And so, without further ado, here’s what to wear in Colombia.
Dress and belt bought in local markets in Guatemala
Followers of this blog will know that I am a HUGE fan of dresses, and they’re my go-to travel staple. I find them comfortable and easy to wear, plus you can easily dress them up or down. Maxi dresses are a particular favourite as they’re even more comfortable and give you a bit of coverage if you want it. In Colombia I loved to wear my brightest, boldest dresses, like the red one you see above.
My travelling partner Kerri wearing another of my dresses
In terms of purchasing local dresses, I found the best finds at craft markets. You often pay more for these than you would pay for a generic dress at a department store, but I loved owning something locally made and knowing the money was going back into Colombia’s economy.
Both dresses bought from local markets in Central America
With a dress bought in Honduras, bag bought in Colombia
This blue maxi skirt lasted me through all of Central and South America and it was incredibly versatile. I always, always recommend bringing a long skirt when you travel (if you like wearing skirts, that is) as they are super comfortable and allow you to cover up if you want to (as I did when wearing a more revealing top, as seen above).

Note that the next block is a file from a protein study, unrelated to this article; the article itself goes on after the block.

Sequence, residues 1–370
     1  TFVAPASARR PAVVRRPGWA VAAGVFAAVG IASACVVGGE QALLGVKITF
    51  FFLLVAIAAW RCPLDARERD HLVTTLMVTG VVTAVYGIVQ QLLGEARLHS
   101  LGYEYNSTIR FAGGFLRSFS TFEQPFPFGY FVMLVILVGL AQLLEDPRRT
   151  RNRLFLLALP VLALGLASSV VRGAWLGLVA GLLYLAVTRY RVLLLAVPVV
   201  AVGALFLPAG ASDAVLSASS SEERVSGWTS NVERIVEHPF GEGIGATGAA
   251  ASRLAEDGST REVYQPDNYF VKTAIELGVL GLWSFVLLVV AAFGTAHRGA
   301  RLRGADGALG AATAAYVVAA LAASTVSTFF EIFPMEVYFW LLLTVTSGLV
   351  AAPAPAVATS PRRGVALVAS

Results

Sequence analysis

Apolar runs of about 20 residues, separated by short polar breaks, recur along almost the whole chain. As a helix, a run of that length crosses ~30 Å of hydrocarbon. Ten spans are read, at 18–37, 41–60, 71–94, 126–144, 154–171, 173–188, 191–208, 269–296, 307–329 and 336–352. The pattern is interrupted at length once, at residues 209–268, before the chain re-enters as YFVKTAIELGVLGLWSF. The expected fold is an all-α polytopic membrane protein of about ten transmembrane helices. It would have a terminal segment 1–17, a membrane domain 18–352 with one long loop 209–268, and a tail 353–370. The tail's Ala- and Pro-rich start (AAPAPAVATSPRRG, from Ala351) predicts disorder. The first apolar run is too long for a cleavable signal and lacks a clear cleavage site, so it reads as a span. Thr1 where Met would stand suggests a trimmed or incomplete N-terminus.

You can easily get away with wearing skirts of whatever you’d like in Colombia. I recommend bringing ones made of cotton or other breathable material; denim is always heavy and difficult to wash/dry. Also take care to bring fabrics that don’t wrinkle easily.
I only very recently started wearing trousers – for many years, I refused to wear them, most likely because I struggle finding ones that fit (for real, if they fit perfectly on my hips, they’re swimming on my waist, and if they fit on my waist, they’re stretched to heaven and back on my hips). Enter the era of looser, elastic-waist trousers that have been popping up everywhere… and I have converted. I now often find trousers at shops like Forever 21, Zara, H&M, and so on, and have recently graduated to culottes (don’t knock ’em till you’ve tried ’em).
I also love the harem pants or ‘genie’ pants that a lot of travellers seem to wear these days, and which are easily purchased in many markets (especially in Asia, though the trend is going worldwide). I’ve seen people argue that these are unflattering, to which I say… OK? I don’t care. They’re crazy comfortable and can look really cool.